June 29, 2015 04:42 PM

A Lafayette attorney who specializes in divorce and child-custody matters tells The Independent she’s never seen anything like it.

“My phone is ringing off the hook. It’s like everybody wants a divorce all of a sudden,” says Candice Champagne of the Gaye, Love & Justice Law Firm in the Hub City. “I’ve never seen marriages fail at this rate. It’s alarming. I’ve filed 12 petitions for divorce since June 26 and couples are lined up to end their marriages.”

Champagne’s alarm is echoed by colleague Dean Crimms, a junior partner at Scotus, Healing & Howe in Crowley: “I can’t account for it,” Crimms says. “Just out of the blue. Thirty-seven requests for consultation since Friday. We’re staying open till [8 p.m.] every night this week to meet the demand.”

Brent and Julie Derouen of Cankton tell The Ind they decided Friday that their 34-year marriage is pointless and have decided to file for divorce.
Photo by Robin May
It’s not just anecdotal evidence of a divorce surge across South Louisiana— the attorneys’ observations are backed by clerk of court offices across Acadiana: 118 petitions filed in Lafayette since Friday, 43 in Vermilion, 62 in Acadia. Typically, according to Acadia Clerk of Court Pete Hensgens, his parish averages three per week. “It’s unprecedented,” Hensgens tells The Ind. “Marriages are just falling apart.”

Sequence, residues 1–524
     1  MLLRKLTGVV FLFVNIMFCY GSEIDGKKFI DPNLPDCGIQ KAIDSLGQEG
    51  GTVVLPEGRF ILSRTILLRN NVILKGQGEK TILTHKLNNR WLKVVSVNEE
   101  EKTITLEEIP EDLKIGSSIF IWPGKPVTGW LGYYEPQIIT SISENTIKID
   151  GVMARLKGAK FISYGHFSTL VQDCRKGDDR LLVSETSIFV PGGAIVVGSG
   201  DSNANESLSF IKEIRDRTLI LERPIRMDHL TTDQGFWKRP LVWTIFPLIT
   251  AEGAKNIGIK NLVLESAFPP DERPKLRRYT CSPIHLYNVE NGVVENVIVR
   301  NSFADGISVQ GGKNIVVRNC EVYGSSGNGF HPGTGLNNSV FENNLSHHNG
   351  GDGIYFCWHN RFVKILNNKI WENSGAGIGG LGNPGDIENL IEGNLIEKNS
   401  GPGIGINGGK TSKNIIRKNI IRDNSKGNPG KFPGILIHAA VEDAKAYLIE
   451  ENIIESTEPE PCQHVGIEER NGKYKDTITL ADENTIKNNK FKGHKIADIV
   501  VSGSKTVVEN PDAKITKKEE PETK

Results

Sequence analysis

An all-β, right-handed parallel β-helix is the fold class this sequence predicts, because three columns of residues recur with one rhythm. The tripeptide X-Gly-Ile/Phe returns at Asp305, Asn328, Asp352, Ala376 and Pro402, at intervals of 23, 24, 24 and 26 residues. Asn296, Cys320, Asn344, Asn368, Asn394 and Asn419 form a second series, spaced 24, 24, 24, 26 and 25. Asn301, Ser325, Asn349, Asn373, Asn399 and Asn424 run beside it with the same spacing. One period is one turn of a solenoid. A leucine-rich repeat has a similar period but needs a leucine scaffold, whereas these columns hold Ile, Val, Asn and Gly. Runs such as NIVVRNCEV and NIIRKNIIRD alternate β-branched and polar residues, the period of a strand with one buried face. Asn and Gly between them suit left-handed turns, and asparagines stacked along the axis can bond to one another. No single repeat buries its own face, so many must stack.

The cause of the surge in divorce filings since Friday remains unclear, according to officials. Reached by phone, Lafayette Clerk Louis Perret tells us he hasn’t had time to analyze the divorce petitions because his office has been so busy issuing marriage licenses to same-sex couples.

“Wait a second,” Perret says in a moment of sudden reflection. “Nah, couldn’t be.”

In other news, TV3 Chief Meteorologist Rob Perillo reports that a plague of locusts sweeping down from the West Coast with an estimated arrival in Acadiana of late this week is “most probably El Niño-related.”

*Divorce is not actually skyrocketing in Acadiana. Traditional marriage is fine: Half are still likely to end in divorce. Some forms of biblical marriage, however — polygamy, marrying one’s slave and a rapist marrying his victim — remain illegal.